“So, we will always have three-quarters of the kids (grades 6-12) here,” Boland said. “Everybody will wear masks except at recess and to eat. And everyone will stay six-feet apart.”
Check said he felt the “mandate for the masks deal was stupid.”
“COVID is a bunch of crap,” Check said. “It’s how you live that’s important.”
Check also questioned the ability of masks to prevent infection and cited the CDC as a source.
Jamie Oppriecht said the family had four kids in school this year. She said nine hours was too long for children to wear a mask. She said she had a face covering on about a quarter of the time-typically when she went to the grocery store and other places.
Oppriecht said she favored taking temperatures of children as they got on the school bus. The school currently plans to take temperatures at the door of the school building.
The district administrator believes the bus drivers have enough to do without being responsible for taking the temperatures.
A symptom of COVID is a fever over 100.4 degrees.
Boland talked about other parents’ reactions. One who works in a nursing home is not comfortable sending her child to school. She explained that if he brings home COVID, she can’t work or she will go to work and get people sick in the nursing home.
Board member Chad Sime noted that the plan being put in place is the school re-opening plan and not the school year plan.
Check asked what the results of the school district’s online survey were,
Boland informed him that three-quarters of those responding said they were coming back to the school this fall. In answer to Check’s question Boland noted that some said they don’t want children to wear masks.
Referencing the results directly, Boland reported 77 percent said they would attend in-person and 10 percent said they would attend online. Another 12 percent were looking at other options.
Check said the family’s children would not attend the school if they were required to wear masks. He said the family would check later to see if the policy was changed.
Oppriecht said even doctors and nurses don’t wear masks for 12 hours a day.
Board member Rachael George, who is employed at Crossing Rivers Health, said she did wear a mask all day at the hospital. She noted that wearing masks and social distancing does help to slow the process (of infection) down.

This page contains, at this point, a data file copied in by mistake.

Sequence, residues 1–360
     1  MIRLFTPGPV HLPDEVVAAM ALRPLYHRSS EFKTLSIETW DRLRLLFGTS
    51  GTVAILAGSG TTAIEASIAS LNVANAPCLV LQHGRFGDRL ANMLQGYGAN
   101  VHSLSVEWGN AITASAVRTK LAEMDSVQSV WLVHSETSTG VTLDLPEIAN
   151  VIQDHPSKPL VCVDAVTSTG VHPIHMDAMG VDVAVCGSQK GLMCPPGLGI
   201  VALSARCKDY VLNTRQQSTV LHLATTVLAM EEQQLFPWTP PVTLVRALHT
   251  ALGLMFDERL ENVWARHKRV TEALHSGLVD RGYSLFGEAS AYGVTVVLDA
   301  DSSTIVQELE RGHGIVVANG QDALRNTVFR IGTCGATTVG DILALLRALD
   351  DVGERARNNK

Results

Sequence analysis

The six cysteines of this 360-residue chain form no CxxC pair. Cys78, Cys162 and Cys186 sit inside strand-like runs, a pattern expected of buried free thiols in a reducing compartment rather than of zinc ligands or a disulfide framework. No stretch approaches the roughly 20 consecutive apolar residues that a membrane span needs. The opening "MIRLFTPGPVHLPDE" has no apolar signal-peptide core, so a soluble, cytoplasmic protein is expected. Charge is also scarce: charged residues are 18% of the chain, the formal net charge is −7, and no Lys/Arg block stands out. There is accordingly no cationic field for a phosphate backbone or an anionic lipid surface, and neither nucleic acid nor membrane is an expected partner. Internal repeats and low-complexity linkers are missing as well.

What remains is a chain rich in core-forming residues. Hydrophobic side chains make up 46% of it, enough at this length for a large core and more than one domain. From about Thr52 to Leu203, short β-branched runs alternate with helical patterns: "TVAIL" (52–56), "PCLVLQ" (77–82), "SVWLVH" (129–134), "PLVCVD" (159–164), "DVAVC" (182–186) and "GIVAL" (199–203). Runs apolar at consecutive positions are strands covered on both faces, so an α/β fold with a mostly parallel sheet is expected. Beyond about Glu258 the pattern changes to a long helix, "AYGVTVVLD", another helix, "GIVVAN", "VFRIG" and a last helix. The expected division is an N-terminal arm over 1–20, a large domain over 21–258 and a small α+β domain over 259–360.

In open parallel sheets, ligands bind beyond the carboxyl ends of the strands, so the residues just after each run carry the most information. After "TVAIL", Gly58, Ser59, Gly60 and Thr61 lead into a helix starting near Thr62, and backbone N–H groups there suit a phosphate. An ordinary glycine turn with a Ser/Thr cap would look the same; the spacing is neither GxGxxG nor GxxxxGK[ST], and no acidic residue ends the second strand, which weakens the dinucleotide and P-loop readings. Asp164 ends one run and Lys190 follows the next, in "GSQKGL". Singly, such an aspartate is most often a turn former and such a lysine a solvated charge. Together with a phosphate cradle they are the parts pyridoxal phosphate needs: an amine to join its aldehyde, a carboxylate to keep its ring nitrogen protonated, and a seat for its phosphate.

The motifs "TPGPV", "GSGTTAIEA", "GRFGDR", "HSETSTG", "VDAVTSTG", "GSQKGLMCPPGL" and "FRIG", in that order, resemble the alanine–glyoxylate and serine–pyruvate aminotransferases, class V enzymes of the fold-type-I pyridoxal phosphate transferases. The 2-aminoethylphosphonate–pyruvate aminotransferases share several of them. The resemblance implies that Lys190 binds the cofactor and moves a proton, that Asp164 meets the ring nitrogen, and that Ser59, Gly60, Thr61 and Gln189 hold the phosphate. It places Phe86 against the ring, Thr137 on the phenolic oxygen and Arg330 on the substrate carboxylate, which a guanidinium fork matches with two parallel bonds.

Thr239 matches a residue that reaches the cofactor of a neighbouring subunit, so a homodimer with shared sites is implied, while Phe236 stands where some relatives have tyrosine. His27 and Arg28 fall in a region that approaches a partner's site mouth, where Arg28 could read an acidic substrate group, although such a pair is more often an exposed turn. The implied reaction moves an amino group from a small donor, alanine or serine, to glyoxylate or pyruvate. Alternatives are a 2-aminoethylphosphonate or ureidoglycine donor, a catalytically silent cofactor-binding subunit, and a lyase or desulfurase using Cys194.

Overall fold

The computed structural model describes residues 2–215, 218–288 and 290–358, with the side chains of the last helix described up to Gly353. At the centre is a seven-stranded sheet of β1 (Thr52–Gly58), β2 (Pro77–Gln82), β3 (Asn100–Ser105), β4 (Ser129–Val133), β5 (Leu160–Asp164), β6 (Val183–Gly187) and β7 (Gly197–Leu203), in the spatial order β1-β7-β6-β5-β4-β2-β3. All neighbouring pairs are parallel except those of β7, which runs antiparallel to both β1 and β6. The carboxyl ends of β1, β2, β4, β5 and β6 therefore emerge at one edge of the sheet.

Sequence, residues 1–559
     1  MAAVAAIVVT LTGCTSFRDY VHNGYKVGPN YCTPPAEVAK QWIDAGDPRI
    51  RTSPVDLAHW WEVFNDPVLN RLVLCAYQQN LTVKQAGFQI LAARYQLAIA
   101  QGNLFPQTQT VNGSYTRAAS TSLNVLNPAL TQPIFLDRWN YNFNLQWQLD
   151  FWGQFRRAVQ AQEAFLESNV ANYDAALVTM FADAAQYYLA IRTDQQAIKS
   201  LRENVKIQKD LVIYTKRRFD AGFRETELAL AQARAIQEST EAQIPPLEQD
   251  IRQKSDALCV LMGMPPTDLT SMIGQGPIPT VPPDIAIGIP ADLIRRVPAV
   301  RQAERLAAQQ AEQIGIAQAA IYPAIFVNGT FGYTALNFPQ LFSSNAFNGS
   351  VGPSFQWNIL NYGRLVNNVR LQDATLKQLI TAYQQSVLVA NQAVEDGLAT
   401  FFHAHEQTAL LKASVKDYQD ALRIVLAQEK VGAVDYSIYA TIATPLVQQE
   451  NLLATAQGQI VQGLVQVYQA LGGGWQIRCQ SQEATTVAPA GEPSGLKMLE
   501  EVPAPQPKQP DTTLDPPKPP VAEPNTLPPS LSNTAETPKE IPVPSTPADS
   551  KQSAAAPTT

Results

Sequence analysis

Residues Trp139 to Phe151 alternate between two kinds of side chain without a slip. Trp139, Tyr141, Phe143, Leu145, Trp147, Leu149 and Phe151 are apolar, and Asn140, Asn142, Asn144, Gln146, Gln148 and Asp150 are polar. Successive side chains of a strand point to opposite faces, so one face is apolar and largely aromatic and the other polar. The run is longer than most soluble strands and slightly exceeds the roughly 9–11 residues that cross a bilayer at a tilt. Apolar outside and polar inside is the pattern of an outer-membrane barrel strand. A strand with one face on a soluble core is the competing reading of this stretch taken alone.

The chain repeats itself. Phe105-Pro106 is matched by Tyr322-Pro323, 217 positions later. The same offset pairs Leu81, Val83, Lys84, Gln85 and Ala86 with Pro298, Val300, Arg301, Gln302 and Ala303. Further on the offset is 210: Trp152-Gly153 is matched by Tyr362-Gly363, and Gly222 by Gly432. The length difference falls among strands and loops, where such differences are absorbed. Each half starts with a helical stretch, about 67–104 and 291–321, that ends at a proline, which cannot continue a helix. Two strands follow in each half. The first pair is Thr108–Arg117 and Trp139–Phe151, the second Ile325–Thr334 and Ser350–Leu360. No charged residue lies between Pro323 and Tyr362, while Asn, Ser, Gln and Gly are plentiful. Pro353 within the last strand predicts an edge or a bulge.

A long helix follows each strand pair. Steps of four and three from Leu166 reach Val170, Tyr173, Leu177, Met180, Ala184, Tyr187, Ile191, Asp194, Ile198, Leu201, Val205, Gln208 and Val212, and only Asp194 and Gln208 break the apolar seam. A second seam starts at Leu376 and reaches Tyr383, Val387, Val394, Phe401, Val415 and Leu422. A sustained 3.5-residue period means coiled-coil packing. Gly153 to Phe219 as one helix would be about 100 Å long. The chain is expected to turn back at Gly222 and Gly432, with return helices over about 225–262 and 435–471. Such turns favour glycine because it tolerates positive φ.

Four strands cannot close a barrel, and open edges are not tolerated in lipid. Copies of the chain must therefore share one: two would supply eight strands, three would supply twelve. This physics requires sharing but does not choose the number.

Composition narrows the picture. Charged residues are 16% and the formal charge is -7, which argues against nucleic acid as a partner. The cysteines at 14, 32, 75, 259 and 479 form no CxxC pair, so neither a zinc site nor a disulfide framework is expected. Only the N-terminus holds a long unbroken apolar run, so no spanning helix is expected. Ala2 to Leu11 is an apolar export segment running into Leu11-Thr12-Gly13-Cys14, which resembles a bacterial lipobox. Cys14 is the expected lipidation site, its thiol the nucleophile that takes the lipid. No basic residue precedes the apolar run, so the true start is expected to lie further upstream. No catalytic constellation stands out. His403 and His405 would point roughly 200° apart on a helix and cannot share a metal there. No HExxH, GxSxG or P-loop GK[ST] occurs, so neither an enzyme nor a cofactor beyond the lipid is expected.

School bus driver Mike Durst, who attended the meeting in person and wore a mask, explained that during flu season there are ads urging people to cover their cough or cover their sneeze. As for the mask, he said he would wear it with a positive attitude.
“What if it kills you?” Check asked.
Following the discussion with Check and Oppriecht, Eric Grimsled came to the front of the room without a mask, grabbed a chair and talked about a teacher he thought should be fired.
Board president Mark Johnson told Grimsled that the board could not address the matter in open session because it was a personnel matter and that it was not on the agenda.
Mark Johnson moved to approve the finalized re-opening plan with minor modifications to allow for four groups instead of just three in the rotation for grades 6—12 and changing the rule to say masks always must be worn while inside the building to be in compliance with the state order.
Ultimately, Charles Clark seconded the motion and the board passed it on what appeared to be a unanimous voice vote.
Before the reopening plan passed, George asked if the students could go outside to eat their lunch, weather permitting.
Boland said they could and there were a couple of picnic tables and more would be made available. A board member noted that the students would have to social distance during lunch even outside
Charles Clark asked what would happen if someone was sent home because of fever, but did not get a COVID test. Boland said if they did not get a test, they would have to stay home for two weeks the same as if they had a positive test. He noted that if a person was sent home because of a fever but tested negative for COVID, they would only need to stay out for three days.
In other business, the Seneca School Board:
• decided to not accept a proposed contract change from Stratton Buses seeking payment for cancelled days in the future
• approved re-adjusting in-service days on the school calendar
• approved payment of $200 for membership in Wisconsin’s Association for Equity in Funding
• adopted a new policy on ‘Education of Homeless Children and Youths’ following an audit of school policies by the Wisconsin Department of Public Instruction (DPI)
• adopted a policy for ‘Vendor Conduct at School’
• approved ‘Notification of Meetings’ policy to acknowledge online messaging
• closed 31 inactive lunch accounts mostly for families that no longer live in the district• chose to present the Seneca Area School District Monthly Recognition Award to Pam Lorenz, a grandmother of an elementary student, for providing a toothbrush for every student in the district and to Silas and Rebekah Dudgeon for providing sweet corn for lunches in the last week of summer lunch program